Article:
Needham, a retired Air Force lieutenant colonel, already had a master's degree in theology when she began the program. But the training helped her, a Utah newcomer, learn about the diocese and its people.
"I got to know myself in the waiting," she says. "The wait made me stronger."
She is the Spanish choir director at St. Marguerite's Parish in Tooele and the principal of its school.
Iverson, a licensed professional counselor, joined the class because she wanted to learn more about her lifelong faith.
She once heard an author liken Catholics to consumers.
"We go and get what we need," she says, "and we leave."
She doesn't want to be that kind of Catholic.
The program gave her the confidence to begin taking Communion to inmates at the Davis County Jail, and she helps with pastoral care at Ogden Regional Medical Center.
The program, she says, "helps you grow as a whole person."
Nestor Lozano says classes taught him that sometimes he needs to curb his enthusiasm. Instead of being a full-bore, vocal witness for Christ, it's better to be a good listener, says Lozano, a construction worker who lives in West Jordan.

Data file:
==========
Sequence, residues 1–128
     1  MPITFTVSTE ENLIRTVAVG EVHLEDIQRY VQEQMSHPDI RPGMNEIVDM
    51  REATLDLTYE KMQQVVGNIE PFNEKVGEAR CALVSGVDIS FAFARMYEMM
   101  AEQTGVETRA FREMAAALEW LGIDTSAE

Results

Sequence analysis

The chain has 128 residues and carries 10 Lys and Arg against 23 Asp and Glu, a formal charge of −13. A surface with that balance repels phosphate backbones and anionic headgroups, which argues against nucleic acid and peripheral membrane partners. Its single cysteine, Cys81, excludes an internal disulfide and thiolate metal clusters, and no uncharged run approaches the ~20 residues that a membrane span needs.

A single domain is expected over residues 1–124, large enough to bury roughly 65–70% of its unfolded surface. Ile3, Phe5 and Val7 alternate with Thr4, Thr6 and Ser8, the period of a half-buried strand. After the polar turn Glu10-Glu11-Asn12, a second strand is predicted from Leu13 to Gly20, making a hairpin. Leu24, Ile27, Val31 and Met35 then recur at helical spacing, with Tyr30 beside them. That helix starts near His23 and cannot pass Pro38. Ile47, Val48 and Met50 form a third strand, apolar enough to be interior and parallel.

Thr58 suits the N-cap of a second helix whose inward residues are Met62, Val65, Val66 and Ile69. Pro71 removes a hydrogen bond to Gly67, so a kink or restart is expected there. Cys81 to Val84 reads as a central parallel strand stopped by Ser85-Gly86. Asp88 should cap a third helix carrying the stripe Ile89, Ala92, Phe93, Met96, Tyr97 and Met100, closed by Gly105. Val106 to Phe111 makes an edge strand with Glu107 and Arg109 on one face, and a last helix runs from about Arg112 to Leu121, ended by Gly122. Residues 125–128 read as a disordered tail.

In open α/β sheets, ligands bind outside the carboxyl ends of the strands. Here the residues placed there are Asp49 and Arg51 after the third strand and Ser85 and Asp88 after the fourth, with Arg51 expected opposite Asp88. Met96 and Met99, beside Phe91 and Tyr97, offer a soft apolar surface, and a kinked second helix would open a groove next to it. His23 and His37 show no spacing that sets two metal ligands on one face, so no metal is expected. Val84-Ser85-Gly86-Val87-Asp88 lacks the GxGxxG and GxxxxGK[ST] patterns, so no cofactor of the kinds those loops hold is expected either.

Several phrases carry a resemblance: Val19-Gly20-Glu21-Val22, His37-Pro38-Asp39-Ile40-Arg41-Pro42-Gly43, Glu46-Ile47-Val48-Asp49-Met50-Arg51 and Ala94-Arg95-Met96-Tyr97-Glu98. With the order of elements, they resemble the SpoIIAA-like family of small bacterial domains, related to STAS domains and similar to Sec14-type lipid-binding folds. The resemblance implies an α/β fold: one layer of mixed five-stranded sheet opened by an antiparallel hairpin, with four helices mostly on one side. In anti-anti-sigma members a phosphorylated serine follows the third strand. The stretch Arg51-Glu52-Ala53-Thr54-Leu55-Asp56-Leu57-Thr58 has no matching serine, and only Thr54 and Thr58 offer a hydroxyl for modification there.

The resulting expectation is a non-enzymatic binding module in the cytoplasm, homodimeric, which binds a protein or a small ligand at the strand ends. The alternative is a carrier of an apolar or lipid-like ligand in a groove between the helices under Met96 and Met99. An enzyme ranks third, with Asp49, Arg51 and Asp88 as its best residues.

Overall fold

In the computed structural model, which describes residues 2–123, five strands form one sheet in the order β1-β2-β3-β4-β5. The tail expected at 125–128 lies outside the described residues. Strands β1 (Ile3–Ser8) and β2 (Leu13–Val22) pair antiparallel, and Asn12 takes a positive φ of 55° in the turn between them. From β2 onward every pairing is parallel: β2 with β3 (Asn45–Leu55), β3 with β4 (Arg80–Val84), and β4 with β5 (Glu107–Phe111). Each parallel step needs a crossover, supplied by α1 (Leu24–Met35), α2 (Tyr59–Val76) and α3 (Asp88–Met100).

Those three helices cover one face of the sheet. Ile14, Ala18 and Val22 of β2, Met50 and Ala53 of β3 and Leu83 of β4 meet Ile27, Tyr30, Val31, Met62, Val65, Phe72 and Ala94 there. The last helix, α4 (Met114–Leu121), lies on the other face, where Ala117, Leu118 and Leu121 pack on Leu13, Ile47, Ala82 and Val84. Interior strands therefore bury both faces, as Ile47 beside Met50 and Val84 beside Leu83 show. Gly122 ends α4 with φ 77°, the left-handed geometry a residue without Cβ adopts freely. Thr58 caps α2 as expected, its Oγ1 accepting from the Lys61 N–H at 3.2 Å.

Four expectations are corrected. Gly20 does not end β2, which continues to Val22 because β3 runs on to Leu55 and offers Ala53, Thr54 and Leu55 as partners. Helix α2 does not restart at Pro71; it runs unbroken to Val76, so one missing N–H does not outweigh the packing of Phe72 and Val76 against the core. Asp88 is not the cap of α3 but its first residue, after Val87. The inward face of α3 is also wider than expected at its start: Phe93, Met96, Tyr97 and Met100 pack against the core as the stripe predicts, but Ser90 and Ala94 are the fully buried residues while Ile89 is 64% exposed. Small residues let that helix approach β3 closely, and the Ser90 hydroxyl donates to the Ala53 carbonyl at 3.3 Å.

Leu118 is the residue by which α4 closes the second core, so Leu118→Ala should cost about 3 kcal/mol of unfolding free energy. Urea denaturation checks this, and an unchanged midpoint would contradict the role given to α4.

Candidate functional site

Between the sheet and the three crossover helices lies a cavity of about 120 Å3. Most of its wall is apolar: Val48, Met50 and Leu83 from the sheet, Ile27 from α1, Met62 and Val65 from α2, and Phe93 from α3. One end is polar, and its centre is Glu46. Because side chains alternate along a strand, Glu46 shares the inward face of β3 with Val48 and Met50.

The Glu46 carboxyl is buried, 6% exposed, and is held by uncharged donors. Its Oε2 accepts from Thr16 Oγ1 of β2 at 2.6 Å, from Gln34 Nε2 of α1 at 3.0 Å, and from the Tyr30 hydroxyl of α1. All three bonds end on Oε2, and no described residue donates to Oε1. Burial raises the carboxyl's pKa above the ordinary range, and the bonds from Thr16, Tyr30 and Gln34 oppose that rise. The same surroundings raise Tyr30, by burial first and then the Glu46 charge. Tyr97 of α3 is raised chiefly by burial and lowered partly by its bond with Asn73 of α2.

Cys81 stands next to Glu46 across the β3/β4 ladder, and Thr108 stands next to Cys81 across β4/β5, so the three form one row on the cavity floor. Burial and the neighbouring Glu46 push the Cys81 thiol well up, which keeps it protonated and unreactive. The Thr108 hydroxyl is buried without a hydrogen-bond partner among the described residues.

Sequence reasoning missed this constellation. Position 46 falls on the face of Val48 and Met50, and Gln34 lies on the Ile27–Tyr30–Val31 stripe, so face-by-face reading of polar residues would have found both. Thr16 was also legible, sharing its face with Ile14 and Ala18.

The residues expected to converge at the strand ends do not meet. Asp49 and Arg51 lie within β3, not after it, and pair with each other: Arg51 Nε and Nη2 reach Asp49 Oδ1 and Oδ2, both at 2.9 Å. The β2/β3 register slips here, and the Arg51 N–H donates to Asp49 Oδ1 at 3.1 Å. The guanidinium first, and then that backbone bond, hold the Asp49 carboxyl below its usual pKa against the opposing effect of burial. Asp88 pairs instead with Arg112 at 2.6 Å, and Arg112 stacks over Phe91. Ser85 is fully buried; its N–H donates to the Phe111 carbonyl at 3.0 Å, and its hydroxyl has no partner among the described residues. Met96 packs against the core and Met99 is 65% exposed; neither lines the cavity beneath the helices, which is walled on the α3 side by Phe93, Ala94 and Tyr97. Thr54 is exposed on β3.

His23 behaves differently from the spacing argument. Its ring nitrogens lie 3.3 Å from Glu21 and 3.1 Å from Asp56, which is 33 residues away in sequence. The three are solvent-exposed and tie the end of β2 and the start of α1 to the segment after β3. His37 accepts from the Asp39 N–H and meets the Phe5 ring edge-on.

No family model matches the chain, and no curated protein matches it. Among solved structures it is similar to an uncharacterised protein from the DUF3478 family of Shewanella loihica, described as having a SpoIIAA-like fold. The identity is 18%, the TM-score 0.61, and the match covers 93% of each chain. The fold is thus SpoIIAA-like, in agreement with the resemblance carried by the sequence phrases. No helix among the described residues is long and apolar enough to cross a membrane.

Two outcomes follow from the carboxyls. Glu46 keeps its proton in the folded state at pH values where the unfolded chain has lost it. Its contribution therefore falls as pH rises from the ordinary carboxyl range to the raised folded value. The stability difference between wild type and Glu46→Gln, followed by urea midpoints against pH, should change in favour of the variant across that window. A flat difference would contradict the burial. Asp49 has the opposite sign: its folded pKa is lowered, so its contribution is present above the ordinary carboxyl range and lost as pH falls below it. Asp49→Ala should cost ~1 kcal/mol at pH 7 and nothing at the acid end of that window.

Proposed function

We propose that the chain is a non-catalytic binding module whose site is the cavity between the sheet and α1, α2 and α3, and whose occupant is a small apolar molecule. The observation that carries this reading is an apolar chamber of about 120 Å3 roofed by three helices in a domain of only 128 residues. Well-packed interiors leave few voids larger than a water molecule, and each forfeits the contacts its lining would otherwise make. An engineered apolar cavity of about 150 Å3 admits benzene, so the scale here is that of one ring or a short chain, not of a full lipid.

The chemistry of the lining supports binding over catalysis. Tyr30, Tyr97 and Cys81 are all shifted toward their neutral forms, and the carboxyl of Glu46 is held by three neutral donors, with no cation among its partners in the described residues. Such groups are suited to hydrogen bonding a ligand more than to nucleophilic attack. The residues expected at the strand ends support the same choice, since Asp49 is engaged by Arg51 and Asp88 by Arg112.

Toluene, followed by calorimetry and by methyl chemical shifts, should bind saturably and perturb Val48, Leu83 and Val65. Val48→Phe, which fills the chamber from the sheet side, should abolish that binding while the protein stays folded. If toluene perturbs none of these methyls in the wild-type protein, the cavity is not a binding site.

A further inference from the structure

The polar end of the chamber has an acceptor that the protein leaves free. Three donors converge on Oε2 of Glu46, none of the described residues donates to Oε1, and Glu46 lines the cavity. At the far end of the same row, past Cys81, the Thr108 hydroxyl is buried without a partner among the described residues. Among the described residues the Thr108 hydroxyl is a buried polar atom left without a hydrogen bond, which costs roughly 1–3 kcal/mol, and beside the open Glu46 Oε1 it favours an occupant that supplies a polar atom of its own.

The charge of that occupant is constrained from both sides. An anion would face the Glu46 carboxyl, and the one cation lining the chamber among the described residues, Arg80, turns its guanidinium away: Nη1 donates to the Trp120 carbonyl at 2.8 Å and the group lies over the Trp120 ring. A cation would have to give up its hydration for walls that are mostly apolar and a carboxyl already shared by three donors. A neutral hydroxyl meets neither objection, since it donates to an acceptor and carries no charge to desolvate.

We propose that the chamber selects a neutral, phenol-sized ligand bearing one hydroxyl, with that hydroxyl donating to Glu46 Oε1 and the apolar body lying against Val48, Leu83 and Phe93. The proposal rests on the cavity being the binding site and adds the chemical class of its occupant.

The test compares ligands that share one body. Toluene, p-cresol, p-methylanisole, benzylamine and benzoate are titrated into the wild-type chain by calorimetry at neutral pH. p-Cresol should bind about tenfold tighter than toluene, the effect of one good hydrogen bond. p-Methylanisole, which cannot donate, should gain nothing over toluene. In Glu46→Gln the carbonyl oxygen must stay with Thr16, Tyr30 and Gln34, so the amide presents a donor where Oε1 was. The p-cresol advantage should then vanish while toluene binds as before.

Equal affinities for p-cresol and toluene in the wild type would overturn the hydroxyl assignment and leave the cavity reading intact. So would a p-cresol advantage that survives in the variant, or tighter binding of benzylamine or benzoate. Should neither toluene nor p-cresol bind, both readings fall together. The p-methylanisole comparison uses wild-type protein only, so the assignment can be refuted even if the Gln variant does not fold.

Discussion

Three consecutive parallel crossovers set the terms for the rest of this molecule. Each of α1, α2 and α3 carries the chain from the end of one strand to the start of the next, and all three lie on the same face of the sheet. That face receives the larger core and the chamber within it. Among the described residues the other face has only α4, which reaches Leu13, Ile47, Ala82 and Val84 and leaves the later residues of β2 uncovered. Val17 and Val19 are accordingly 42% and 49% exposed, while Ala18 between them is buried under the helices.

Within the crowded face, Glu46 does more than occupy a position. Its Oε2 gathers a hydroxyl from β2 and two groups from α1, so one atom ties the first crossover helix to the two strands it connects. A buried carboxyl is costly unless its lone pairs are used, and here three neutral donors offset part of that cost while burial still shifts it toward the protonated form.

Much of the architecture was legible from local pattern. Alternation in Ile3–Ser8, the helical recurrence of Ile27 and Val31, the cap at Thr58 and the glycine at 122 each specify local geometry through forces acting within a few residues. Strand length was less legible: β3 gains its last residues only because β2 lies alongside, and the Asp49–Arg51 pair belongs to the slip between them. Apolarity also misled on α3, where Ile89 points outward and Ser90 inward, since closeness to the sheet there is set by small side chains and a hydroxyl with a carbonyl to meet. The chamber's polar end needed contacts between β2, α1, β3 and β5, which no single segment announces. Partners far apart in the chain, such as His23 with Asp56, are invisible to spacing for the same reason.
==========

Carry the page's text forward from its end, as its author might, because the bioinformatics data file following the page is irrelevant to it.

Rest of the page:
"I learned that sometimes, you need to be quiet," he says. "God knows the time, when, and where he wants you."
Lozano helps with the youth ministry at Midvale's St. Therese of the Child Jesus Parish.
Gray, the director of the diocese's Hispanic ministry, says it's especially important to have trained ministers in far-flung mission churches with many immigrants from Latin America.
There were eight couples among the 63 newly commissioned Spanish-speaking ministers. One of them, Rosario and Ruben Cano, help run Mission San Rafael in Huntington, where Ruben Cano is a miner. A priest comes for Mass once a month.
Lay ministers can be bridge into the church, she says "a good bridge, solid in the information and the faith."
A new class
The Salt Lake City Diocese has not decided when to begin new four-year classes to train lay ecclesial ministers. But more than 30 Catholics already have expressed interest.